Mental health zine Swirl’s visually alluring take on self-help guides

The booklet has been conceived and written by mental health nurse Andy Walton, with design by Studio Moross and collage-style illustrations by Nate Kitch

Society has never been more anxious. Or rather, we have never been as open about our struggles with mental health as we are today. In the UK alone, there are currently more than 10 million people suffering from anxiety. As mental health has become less of a taboo subject, discussions around it have also spawned a huge number of resources and guides ranging from medical journals and blogs to self-help books.

While the wealth of advice available to us now certainly can’t be seen as a bad thing, it doesn’t come as a surprise that some people find the sheer amount of information on offer overwhelming. Community mental health nurse Andy Walton is hoping to tackle this with the launch of a new zine called Swirl, which offers a more concise – and aesthetically pleasing – alternative to generic, stock photography-covered leaflets and lengthy self-help guides.

Walton came up with the idea for the zine while he was in the process of moving house. “I was trying to organise a big box full of leaflets, magazine articles, journals and self-help books. I wanted to bring all the important stuff together so it was accessible, simple and saved some space – so I did. And then I thought, why not make it look good?”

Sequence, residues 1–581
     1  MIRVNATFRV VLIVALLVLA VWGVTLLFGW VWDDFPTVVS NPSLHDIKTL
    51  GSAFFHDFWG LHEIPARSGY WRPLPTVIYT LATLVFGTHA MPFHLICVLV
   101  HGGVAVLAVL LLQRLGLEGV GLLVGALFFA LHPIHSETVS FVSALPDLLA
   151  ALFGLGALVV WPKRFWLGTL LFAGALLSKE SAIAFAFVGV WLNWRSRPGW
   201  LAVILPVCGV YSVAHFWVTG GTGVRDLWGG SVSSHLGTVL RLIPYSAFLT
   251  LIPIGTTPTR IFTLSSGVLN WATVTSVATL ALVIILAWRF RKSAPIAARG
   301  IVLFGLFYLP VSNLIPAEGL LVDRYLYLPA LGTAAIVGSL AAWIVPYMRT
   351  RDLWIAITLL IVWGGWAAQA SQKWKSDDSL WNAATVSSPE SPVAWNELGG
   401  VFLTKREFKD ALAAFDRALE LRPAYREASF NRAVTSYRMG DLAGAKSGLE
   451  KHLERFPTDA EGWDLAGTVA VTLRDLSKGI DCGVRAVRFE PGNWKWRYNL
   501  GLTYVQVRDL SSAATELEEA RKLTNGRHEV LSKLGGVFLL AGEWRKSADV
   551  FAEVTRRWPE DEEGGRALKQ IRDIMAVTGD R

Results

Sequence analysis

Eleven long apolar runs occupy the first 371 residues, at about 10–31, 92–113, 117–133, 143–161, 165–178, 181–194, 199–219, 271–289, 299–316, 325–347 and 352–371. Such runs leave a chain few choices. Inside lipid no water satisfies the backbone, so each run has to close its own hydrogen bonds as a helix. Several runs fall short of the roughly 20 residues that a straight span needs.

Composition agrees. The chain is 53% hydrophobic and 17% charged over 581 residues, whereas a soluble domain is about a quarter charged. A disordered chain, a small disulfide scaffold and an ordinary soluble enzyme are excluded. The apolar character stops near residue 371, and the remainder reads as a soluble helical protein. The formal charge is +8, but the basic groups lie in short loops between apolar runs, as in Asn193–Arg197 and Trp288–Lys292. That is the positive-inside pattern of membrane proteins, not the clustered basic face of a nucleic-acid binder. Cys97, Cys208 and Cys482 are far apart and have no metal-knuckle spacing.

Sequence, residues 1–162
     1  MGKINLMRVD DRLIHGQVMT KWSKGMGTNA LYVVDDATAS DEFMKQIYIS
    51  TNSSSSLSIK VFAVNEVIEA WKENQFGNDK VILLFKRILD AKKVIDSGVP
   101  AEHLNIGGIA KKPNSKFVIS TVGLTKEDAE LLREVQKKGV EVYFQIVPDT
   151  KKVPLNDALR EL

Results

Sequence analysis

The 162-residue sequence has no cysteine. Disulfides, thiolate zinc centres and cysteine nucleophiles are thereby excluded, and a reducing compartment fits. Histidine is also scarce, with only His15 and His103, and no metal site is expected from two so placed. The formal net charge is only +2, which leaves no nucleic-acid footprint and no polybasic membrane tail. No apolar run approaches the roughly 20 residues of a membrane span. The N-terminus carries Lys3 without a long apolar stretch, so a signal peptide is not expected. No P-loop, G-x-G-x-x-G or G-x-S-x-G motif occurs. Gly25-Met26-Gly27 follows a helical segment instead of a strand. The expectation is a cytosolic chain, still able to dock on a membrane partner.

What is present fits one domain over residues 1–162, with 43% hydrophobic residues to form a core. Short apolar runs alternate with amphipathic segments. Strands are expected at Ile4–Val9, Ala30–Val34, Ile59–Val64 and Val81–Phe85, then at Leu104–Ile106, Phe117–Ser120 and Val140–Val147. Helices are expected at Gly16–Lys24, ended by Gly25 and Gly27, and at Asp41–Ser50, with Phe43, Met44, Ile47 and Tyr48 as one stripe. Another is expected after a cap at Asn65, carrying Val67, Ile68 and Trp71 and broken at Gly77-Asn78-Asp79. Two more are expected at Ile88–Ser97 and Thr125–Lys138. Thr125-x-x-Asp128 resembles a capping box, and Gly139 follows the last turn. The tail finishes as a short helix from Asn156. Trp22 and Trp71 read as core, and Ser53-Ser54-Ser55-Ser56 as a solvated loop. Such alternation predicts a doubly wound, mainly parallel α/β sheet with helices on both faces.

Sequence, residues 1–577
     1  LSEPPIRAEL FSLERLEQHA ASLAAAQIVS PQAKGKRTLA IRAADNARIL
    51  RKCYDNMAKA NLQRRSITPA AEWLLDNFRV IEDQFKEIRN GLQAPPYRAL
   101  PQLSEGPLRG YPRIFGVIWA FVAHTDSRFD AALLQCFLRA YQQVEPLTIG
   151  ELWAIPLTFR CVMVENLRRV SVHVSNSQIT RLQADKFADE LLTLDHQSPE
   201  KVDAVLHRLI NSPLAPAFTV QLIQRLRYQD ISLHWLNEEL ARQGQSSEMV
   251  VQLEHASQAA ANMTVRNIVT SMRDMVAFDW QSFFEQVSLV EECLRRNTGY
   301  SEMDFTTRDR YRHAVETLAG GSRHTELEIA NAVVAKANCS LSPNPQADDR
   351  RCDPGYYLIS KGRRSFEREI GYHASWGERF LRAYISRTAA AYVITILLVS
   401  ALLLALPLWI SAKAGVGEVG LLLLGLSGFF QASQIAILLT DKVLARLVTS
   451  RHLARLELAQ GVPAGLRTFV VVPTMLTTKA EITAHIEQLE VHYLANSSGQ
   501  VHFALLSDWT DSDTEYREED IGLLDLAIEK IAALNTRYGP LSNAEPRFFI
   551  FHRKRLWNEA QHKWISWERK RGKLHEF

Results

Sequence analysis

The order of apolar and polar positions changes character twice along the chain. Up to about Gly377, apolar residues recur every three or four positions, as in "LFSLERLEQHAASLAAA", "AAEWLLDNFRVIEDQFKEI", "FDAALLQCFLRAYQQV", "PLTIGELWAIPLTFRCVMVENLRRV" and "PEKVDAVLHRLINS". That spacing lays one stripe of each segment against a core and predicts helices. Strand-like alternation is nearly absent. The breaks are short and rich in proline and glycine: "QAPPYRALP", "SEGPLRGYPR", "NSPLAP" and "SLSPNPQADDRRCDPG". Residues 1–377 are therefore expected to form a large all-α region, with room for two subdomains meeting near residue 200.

Swirl has been written by Walton – who also suffers from anxiety – and US-based blogger Gina Yu, with consultation from various clinical psychologists, mental health nurses, occupational therapists and mental health advocates. Walton and Yu incorporated a conversational tone of voice and a handwritten typeface to help make the information more accessible. “We worked on crafting the wording for around nine months to ensure we did our best to create something that would gently, beautifully pull people through the moments that feel too heavy, too loud and too much,” says Walton.

The booklet itself aims to celebrate the spectrum of emotions involved with mental health. Designed by Studio Moross, it features collage-style illustrations of different body parts and abstract shapes created by Nate Kitch to explain different concepts and ideas. “The practical suggestions within the guide bring together a holistic approach to overcoming overthinking, and I felt [Kitch’s] style worked well to reflect the process of going through the afflictions to find peace in the here and now,” says Walton.

Swirl costs £6, and is available from here